The flow restriction devices take taps down to a trickle, making outdoor watering effectively impossible, and are to be kept in place for at least two weeks. If people try to remove them once they’ve been installed, they’ll be charged another $2,500.
From the NYT:
“This is not our preferred way of interacting with our customers,” David Pedersen, the head of the Las Virgenes Municipal Water District, told me. “We are in a situation where we can’t have customers wasting water.”
Outside of California, things have gotten even weirder. If a proposed ocean-to-Great Salt Lake pipeline sounds like sci-fi to you, consider that Colorado has been trying to combat drought by actively changing the weather since the 1970s.
The mountainous state’s $1 million “Weather Modification Program” primarily focuses on cloud seeding to boost snowfall. Cloud seeding is a process wherein silver iodide particles are released into the atmosphere in a targeted way to promote the generation of ice particles, which then turn into falling snow.
Multiple western states fund Colorado’s program, because snowpack in the Rocky Mountains is so integral to the region’s rivers, but the exact benefit of the technology is unsettled. It has big limitations. For instance, cloud seeding can only boost existing storms, not generate entirely new ones. It also requires very specific wind, humidity, and cloud conditions to work.
In winter 2020, cloud seeding contributed an additional estimated 326,000 gallons of water to Colorado’s snowfall, according to the Jackson County Water Conservancy District president. Yet this added precipitation barely scratches the surface of the what’s needed, and decades of cloud seeding haven’t yielded the promised results.
As drought conditions worsen, Colorado and its neighbors are hoping to lean even more on weather modification technology, but experts warn that it can’t stand alone as the only solution. Cloud seeding or not, if we don’t tackle climate change head-on, Colorado will soon be headed toward a future with half as much snow, according to a recent study.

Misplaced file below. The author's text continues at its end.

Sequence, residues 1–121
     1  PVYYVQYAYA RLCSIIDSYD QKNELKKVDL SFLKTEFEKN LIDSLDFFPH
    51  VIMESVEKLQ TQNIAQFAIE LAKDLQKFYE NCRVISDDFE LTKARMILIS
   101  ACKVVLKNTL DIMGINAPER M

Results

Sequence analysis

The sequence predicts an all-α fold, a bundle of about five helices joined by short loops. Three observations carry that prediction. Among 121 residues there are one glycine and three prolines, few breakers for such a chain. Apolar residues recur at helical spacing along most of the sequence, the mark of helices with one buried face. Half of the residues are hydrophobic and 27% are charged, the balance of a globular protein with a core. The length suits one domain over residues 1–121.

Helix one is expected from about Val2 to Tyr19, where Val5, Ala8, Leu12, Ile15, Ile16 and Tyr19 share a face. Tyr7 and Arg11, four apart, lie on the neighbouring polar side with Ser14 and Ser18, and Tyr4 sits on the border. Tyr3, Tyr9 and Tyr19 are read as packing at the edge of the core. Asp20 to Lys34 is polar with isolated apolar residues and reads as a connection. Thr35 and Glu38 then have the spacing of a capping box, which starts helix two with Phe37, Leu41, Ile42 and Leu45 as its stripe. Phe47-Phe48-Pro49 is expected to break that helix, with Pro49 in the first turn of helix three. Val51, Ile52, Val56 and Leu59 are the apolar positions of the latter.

Outside of the West, other U.S. states are also facing growing drought. For instance, almost three-quarters of Massachusetts is dryer than normal, and a big patch of the state is in moderate drought. Water shortages in Hawai’i are being exacerbated by a lack of rainfall. And, although nowhere near as intense as the Southwest’s drought, swathes of the Southeast are experiencing drought, too.
Across the border in Mexico, dry conditions are leading to water restrictions as well. The state of Nuevo Leon has limited residents’ water access to a six-hour daily window of time (a much more stringent limitation than what some in the U.S. are dealing with). Scientists have been able to specifically link much of the North American drought to human-caused climate change.
Droughts happen worldwide. Iraq and Spain, for example, are also reckoning with lack of precipitation, drought, and water restrictions. Although each event hasn’t been well studied enough to prove a direct connection to our greenhouse gas emissions, the most recent IPCC report emphasized that every bit of additional warming adds to the increasing risk of worsening drought.